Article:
FRIENDS OF THE ARAVA INSTITUTE IS DOING A JOB THAT SO MANY OTHERS HAVE BEEN UNABLE TO ACCOMPLISH. THE WORLD NEEDS MORE SELFLESS ORGANIZATIONS LIKE FRIENDS OF THE ARAVA INSTITUTE WHERE THEIR PURPOSE AND GOALS TRULY TAKE PRIORITY OVER ANY INDIVIDUAL OR POLITICAL AGENDAS.
I rode in the November 2008 Israel Bike Ride to raise funds for the Arava Institute. It was one of the great adventures of my life. Our crew for the ride were all alumni of the Institute, and we spent a night at the Institute in the Negev desert, meeting the current students and faculty. The work they are doing is at the highest levels, academically and spiritually. They are truly working to save the environment and improve understanding and cooperation in Israel and its surrounding region.
I was a student for one semester in the Arava Institue. It was a life changing experience that taught me a lot about myself and my environment, about my zionism and my world view. The place and the time in which the institue is placed is ideal. I think the desert make you think.
I participated in the Arava Institute 2008 Israel bike ride to help fund raise for Arava. I visited the Arava Institute and met with students and faculty. I was struck by the relevance of its mission and the passion and energy directed toward achieving hat mission. The Arava Institute is making an important contribution to its geographic and political region not only academically but by bringing the divergent student population together and fostering better understanding, respect and long term friendships that can transcend hostile political borders and barriers.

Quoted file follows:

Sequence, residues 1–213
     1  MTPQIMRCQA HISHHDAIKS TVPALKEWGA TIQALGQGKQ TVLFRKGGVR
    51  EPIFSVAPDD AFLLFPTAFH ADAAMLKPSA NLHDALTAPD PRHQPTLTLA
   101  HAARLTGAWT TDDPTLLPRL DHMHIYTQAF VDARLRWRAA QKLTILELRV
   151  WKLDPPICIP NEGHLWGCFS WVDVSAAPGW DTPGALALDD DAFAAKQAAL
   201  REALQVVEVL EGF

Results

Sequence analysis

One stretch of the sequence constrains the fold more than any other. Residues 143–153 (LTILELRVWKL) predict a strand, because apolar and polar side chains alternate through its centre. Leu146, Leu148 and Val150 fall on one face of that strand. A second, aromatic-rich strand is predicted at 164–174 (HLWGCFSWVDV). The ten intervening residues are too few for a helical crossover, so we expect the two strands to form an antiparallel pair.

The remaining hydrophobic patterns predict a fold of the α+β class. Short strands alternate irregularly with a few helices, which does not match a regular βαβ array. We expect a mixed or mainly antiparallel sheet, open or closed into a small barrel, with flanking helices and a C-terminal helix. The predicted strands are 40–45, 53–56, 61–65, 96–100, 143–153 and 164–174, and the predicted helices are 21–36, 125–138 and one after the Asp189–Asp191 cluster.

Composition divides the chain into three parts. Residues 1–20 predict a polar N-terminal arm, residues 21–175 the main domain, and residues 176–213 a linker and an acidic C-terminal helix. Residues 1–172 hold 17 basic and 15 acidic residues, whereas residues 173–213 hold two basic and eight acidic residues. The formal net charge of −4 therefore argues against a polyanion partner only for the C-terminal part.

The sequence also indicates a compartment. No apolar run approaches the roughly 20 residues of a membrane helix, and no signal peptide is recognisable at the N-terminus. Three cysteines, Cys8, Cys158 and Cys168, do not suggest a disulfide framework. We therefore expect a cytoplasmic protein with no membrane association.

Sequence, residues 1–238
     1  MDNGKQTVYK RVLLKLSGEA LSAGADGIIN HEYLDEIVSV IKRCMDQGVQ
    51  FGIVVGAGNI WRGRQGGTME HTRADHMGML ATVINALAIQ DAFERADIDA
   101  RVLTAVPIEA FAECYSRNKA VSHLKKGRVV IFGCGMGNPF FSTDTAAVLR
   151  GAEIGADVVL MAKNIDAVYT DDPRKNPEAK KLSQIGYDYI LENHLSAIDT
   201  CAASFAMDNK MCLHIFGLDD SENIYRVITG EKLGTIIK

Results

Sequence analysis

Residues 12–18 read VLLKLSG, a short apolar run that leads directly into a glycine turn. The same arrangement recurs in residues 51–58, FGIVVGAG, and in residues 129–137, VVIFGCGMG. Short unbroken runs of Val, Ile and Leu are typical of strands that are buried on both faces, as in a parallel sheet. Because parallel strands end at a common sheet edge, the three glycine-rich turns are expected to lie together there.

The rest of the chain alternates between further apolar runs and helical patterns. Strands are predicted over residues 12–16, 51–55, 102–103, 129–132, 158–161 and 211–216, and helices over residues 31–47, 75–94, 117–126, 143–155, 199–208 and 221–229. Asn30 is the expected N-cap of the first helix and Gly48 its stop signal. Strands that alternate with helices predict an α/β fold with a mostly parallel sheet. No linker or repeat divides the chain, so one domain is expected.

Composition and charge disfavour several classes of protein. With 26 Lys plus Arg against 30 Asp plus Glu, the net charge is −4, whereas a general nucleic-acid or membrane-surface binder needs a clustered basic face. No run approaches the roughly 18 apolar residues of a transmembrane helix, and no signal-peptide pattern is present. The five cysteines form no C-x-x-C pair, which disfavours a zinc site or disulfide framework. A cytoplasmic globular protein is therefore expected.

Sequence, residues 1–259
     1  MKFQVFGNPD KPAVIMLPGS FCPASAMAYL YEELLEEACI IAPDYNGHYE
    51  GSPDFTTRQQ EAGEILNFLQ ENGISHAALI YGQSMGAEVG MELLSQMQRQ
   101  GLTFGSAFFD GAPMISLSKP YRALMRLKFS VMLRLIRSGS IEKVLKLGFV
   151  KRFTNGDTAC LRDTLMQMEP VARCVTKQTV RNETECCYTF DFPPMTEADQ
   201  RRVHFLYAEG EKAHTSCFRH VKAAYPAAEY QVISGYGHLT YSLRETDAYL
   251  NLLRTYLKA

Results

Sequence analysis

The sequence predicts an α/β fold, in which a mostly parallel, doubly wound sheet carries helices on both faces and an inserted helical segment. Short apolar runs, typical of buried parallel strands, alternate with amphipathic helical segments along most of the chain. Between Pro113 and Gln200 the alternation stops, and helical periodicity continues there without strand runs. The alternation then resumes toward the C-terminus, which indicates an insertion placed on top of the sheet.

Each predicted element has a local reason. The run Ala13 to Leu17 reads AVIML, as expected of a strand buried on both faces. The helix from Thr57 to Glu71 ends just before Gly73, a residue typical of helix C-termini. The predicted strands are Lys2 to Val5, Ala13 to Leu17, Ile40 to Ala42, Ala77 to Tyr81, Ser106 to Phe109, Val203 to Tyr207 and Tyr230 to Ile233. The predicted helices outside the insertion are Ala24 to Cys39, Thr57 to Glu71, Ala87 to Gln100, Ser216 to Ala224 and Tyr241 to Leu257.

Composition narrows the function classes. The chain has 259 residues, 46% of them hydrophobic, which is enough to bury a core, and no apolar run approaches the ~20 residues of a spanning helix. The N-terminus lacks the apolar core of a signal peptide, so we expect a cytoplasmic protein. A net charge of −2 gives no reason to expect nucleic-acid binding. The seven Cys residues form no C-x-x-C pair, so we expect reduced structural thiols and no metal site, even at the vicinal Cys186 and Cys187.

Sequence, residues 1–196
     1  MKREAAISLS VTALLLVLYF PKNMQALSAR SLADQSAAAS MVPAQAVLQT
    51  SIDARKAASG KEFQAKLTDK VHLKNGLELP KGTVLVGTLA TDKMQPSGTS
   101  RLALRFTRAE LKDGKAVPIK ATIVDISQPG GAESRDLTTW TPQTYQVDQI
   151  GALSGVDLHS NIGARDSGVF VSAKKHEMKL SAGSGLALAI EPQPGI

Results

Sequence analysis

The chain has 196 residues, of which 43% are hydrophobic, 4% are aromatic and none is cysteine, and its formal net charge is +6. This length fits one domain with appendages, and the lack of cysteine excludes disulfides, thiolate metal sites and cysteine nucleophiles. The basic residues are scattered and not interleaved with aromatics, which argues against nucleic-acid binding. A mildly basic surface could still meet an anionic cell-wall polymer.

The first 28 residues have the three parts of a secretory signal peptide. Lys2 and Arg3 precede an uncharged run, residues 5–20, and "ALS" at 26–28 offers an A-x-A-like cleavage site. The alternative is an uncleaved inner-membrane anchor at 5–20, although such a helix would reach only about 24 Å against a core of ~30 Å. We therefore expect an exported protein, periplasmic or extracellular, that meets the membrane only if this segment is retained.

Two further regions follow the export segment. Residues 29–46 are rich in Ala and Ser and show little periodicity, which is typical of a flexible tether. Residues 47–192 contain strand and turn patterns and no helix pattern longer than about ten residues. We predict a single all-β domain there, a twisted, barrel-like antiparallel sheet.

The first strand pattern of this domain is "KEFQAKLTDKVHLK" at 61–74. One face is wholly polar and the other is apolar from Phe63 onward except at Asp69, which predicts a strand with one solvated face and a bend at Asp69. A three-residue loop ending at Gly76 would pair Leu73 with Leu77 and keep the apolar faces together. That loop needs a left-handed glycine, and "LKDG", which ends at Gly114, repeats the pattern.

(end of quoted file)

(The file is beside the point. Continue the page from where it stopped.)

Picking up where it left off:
I was fortunate to have participated in the Israel Ride 2007, which I believe was the largest attendance in the brief history of that event. It was enlightening to meet current and former students of Arava Institute, as well as the incredibly capable staff. These kids are the backbone of what might someday be a region that lives peacefully with its neighbors. I hope to participate in the 2010 Israel Ride!!
Working with the Arava Institute has allowed me to participate in some ground breaking research in transboundary environmental management in close cooperation with Palestinian, Israeli and Jordanian colleagues. There is no other Institute in Israel that allows for this kind of close cooperation among colleagues in the environment field.
As a student of the Arava Institute, I was granted the opportunity to be part of the most remarkable social and environmental movement in the region. Cohabitating, eating, learning, and working with people of varying (not to mention historically conflicted) geographic origin as well as religious preference taught me a great deal about cultural sensitivity and the importance of trust in this era of globalization. No place nor program has ever enabled me to grow so much and also contribute so much as the Arava Institute. I am so proud to have been a part of the program, and continue to spread the knowledge I gained as a student here with all people who cross my path.